Thought from Today’s Old Testament Passage:
Judges 16:23-24—How insolently the Philistines affronted the God of Israel… by the sacrifices they offered to Dagon, his rival. This Dagon they call their god, a god of their own making, represented by an image, the upper part of which was in the shape of a man, the lower part of a fish, purely the creature of fancy; yet it served them to set up in opposition to the true and living God. To this pretended deity they ascribe their success (v. 23, 24): Our god has delivered Samson our enemy, and the destroyer of our country, into our hands. So they dreamed, though he could do neither good nor evil. They knew Delilah had betrayed him, and they had paid her for doing it, yet they attribute it to their god, and are confirmed by it in their belief of his power to protect them. All people will thus walk in the name of their gods: they will give them the praise of their achievements; and shall not we pay this tribute to our God whose kingdom ruleth over all? Yet, considering what wicked arts they used to get Samson into their hands, it must be confessed it was only such a dunghill-deity as Dagon that was fit to be made a patron of the villainy. Sacrifices were offered, and songs of praise sung, on the general thanksgiving day, for this victory obtained over one man; there were great expressions of joy, and all to the honour of Dagon. Much more reason have we to give the praise of all our successes to our God. Thanks be to him who causeth us to triumph in Christ Jesus!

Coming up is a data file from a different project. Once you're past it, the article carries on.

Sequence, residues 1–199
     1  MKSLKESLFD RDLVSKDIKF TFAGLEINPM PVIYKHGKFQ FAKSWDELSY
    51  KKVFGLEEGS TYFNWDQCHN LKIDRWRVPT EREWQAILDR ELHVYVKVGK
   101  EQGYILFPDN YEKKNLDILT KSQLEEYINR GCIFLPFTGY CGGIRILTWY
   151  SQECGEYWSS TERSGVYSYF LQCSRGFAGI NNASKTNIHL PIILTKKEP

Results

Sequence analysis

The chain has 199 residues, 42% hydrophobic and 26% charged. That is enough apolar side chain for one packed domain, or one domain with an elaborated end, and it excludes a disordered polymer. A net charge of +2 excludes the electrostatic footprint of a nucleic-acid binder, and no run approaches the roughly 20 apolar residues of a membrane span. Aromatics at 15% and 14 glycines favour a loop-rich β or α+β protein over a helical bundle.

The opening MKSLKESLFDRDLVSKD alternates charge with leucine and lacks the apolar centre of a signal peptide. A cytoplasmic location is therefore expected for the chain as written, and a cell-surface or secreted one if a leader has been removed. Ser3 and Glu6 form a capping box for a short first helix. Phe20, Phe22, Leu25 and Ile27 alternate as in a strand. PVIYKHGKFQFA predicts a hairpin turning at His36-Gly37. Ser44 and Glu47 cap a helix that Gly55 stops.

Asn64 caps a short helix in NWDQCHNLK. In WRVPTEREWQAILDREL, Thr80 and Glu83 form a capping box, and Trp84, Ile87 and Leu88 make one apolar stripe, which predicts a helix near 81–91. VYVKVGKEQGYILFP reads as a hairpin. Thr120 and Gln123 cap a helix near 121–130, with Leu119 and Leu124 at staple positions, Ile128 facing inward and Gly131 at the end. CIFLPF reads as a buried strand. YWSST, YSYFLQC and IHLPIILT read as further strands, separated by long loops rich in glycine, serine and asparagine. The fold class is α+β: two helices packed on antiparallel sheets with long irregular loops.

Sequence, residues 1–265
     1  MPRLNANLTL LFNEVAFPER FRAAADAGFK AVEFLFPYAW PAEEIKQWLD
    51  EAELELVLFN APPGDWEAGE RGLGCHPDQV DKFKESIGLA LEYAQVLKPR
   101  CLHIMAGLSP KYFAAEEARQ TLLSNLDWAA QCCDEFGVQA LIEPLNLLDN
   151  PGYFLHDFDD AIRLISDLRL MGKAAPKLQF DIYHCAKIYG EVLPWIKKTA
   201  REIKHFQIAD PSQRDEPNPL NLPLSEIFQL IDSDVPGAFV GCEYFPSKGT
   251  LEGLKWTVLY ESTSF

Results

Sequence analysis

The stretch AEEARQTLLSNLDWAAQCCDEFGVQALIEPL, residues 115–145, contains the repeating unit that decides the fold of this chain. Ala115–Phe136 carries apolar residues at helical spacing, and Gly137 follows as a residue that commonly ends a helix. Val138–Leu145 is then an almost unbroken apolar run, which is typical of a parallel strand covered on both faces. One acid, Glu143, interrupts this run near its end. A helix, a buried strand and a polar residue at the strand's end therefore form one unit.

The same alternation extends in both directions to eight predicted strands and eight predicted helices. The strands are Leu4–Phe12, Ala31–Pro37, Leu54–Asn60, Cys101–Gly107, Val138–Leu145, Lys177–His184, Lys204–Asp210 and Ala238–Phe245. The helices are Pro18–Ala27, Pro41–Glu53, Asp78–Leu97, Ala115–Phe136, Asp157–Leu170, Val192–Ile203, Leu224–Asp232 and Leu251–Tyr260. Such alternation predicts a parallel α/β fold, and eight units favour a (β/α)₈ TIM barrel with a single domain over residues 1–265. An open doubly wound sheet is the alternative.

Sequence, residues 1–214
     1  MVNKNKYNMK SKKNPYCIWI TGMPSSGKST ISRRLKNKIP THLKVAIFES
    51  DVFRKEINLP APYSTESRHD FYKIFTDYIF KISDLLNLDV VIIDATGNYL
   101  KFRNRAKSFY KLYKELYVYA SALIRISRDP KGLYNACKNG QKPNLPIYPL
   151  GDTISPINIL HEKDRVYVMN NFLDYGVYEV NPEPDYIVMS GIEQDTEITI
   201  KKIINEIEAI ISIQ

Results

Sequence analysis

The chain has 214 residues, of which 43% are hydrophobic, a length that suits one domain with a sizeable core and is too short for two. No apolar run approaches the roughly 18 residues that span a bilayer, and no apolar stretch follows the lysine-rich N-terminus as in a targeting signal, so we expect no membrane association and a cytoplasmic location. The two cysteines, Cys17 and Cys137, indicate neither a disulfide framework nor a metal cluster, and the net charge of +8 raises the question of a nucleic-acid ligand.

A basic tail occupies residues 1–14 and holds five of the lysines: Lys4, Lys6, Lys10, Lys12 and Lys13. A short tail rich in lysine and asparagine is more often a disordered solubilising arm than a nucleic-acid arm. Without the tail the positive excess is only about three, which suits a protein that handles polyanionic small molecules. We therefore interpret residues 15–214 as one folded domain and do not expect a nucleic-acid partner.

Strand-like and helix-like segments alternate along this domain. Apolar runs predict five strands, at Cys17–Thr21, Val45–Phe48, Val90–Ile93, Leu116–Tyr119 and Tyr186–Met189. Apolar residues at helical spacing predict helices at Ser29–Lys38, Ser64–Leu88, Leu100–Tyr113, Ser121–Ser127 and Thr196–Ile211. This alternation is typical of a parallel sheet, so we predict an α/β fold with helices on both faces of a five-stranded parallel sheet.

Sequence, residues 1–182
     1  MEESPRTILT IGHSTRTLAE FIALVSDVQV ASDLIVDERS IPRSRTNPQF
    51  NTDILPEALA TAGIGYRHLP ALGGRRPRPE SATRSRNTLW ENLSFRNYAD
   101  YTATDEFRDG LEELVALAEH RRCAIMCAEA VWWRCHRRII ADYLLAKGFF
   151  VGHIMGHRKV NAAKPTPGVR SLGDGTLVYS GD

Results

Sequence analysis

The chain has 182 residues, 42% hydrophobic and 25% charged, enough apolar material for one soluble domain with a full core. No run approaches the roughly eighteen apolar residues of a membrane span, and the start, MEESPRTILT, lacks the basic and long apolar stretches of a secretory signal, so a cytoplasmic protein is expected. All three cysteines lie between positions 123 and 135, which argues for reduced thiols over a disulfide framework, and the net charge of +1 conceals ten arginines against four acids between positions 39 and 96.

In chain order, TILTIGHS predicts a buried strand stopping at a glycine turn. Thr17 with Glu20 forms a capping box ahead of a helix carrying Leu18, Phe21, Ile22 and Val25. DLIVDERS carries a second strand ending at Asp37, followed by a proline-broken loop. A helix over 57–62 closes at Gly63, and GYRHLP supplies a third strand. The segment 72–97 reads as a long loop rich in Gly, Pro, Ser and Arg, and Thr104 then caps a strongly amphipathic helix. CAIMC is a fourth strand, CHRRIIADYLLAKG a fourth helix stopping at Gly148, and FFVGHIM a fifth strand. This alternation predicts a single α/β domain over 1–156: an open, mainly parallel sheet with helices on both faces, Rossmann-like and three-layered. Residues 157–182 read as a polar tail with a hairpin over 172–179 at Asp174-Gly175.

(Matthew Henry, Matthew Henry’s Commentary, Vol. 2 (McLean VA: MacDonald Publishing Company, nd) p. 222)
In this series, we will explain why Jesus never intended for anyone to conclude he was just another religious leader, rather, he wanted people to know he was God in human flesh. How do we know Jesus really rose from the dead, and actually appeared to over five hundred people? Can the resurrection appearances be explained away by psychological theories?